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Gary Moskowitz reviewed American Doll Posse for Mother Jones. (Strangely, it was the KaTe Bush mention that brought this to Google News’ attention — go figure!)
Tori Amos Unleashes an American Doll Posse
Arts: The chanteuse offers up a range of musical personalities in her newest release, from rocker to Bush-basher.
Music Review By Gary Moskowitz
May 17, 2007
Fooled by the delicate melodies of her newest album, American Doll Posse, on first pass I missed the quirky dissidence lurking behind Tori Amos’ trademark exquisite piano playing. I realized, during my second listen, that there is definitely a darkness to the beauty this time around, in a style Amos has taken more than a decade to hone.
Epic Records released American Doll Posse, Amos’s ninth studio effort, earlier this month. At 20 songs, it’s like a double album. Some clock in at more than five minutes while others are less than a minute. It’s a thematic, concept album of sorts; one that revolves around five female characters (Santa, Clyde, Isabelle, Tori and Pip) that Amos, 43, combines to form a “complete” woman that questions sexuality, power, politics, manipulation and religion.
By playing those characters (in the studio, and onstage, wearing custom-made designer outfits), Amos allows herself to veer off into all sorts of musical directions that sway in and out of rock, folk, alt-rock and pop genres. Strong piano melodies, rock drumming, string passages and soft, flittering vocals are present throughout.
American Doll Posse inches through slow, sparse, ballad-like passages and then jumps into moments of honky-tonk and blues. She might as well be singing in a hip, smoky saloon down the street from the Moulin Rouge. On songs like “Teenage Hustling,” it’s like Pat Benatar was in the studio giving tips on how to rock out. The regal aura synonymous with Kate Bush prevails on songs like “Bouncing off Clouds” and “Digital Ghost.” Without Joni Mitchell’s “Help Me,” Rolling Stone wrote recently, Amos simply would not be what she is today.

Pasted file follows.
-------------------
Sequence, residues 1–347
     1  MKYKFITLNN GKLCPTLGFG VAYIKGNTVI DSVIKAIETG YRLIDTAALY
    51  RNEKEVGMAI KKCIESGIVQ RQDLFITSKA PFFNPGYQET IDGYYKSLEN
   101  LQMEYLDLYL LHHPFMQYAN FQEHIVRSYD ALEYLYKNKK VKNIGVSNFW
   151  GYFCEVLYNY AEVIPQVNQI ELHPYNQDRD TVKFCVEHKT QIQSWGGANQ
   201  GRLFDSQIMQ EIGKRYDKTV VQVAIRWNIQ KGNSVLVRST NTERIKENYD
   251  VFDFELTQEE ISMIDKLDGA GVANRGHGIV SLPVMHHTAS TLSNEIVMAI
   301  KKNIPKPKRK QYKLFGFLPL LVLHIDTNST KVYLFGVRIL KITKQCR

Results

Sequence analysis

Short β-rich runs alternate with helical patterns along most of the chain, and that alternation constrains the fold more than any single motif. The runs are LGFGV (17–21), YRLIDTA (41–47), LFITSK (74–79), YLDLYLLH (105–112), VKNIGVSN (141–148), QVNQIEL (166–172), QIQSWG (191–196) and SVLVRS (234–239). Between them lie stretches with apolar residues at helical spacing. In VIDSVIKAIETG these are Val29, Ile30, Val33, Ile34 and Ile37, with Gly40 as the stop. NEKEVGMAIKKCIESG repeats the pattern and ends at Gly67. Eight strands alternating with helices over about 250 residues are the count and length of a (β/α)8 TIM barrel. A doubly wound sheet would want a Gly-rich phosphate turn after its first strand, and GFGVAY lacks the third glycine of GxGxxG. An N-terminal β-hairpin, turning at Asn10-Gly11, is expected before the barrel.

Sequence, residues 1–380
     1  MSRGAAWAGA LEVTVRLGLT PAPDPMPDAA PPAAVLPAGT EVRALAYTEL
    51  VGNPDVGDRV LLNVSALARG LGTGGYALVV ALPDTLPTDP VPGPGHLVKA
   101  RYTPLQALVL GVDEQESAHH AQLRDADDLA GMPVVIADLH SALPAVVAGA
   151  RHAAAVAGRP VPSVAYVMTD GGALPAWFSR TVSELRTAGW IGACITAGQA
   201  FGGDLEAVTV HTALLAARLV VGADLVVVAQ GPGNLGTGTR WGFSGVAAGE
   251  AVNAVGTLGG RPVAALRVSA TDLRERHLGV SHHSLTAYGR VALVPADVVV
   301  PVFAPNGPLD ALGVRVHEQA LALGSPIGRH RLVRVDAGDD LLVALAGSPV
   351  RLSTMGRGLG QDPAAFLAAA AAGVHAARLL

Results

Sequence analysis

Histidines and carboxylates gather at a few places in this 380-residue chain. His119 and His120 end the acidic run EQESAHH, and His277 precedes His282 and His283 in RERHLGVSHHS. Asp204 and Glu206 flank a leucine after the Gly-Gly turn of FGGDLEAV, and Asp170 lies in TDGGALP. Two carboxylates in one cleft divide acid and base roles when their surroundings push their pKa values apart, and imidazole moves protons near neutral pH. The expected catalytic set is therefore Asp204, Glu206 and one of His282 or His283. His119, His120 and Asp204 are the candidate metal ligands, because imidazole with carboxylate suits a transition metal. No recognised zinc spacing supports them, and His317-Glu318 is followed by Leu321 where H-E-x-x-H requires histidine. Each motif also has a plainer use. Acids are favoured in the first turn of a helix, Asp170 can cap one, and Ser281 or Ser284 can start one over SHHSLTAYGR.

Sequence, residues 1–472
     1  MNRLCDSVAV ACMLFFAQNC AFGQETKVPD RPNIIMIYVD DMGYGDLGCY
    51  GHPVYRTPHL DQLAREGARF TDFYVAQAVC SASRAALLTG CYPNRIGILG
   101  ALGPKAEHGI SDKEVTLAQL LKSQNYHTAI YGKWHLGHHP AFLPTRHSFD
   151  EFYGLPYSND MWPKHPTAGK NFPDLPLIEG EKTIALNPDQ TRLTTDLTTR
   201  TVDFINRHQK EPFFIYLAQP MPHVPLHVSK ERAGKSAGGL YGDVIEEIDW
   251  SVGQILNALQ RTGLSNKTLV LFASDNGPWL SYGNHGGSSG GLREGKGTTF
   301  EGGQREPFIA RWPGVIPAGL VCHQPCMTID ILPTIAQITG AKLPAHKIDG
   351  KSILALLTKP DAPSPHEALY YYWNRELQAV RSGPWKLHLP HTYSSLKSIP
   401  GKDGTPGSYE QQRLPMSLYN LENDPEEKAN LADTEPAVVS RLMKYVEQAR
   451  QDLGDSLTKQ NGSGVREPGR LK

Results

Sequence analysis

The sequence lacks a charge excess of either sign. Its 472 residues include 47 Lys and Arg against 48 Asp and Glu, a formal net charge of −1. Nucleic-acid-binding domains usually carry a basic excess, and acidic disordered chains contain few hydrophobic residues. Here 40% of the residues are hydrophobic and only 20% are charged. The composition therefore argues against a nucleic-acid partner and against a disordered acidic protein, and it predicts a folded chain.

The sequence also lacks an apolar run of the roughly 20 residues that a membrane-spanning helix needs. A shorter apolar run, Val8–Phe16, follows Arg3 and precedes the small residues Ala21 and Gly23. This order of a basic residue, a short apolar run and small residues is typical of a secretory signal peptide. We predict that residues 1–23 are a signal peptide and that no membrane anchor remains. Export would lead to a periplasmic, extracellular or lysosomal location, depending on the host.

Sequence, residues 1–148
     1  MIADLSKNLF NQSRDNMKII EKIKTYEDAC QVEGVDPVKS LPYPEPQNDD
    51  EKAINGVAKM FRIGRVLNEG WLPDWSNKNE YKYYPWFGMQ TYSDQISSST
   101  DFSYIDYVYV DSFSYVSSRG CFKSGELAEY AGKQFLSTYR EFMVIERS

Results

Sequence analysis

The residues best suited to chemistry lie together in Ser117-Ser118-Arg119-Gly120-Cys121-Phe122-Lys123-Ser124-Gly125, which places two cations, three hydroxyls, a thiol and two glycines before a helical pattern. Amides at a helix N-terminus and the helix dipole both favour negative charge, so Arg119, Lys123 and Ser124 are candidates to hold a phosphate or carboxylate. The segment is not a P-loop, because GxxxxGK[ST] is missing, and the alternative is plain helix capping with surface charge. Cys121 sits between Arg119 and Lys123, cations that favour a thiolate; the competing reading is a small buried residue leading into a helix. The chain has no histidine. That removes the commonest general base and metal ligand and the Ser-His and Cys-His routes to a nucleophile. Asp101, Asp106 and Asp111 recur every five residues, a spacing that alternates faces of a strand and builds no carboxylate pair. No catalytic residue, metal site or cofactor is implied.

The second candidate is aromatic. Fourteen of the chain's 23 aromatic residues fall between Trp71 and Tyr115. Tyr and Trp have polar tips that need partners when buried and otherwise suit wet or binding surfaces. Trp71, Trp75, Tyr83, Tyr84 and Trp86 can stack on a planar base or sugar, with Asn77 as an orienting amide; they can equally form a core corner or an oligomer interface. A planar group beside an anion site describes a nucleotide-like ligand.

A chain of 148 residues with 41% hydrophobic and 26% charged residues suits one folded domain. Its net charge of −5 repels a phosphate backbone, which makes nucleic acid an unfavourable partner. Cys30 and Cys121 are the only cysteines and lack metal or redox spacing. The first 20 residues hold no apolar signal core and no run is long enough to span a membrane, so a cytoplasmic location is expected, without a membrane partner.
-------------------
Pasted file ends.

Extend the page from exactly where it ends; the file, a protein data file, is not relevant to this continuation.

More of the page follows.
She told the press recently that she opened herself up to bands like The Clash and The Doors while producing this album. Amos, maybe influenced by the social commentary of the former or the bravado of the latter, seems to be having a rude political awakening on tracks like “Yo George,” “Devils and Gods,” and “Mr. Bad Man,” although there’s not a lot of sting behind the punch.
Benign lyrics like “I salute to you Commander and I sneeze ‘cause I have now an allergy to your policies it seems” and “Where have we gone wrong America? Mr. Lincoln we can’t seem to find you anywhere…is this just the madness of King George” are hokey, but critical and angsty in a palatable kind of way. She even appropriates the meaning of the juvenile acronym “MILF” (mother I’d like to f**k) in one song by singing “I am a MILF don’t you forget.”
To have survived this long in an incredibly fickle music industry, Amos deserves props to Amos for hanging in there, and doing it in a style – love it or leave it – that she can call her own. Amos, who wrote and produced the album in Cornwall, England, launches her world concert tour May 28 in Rome.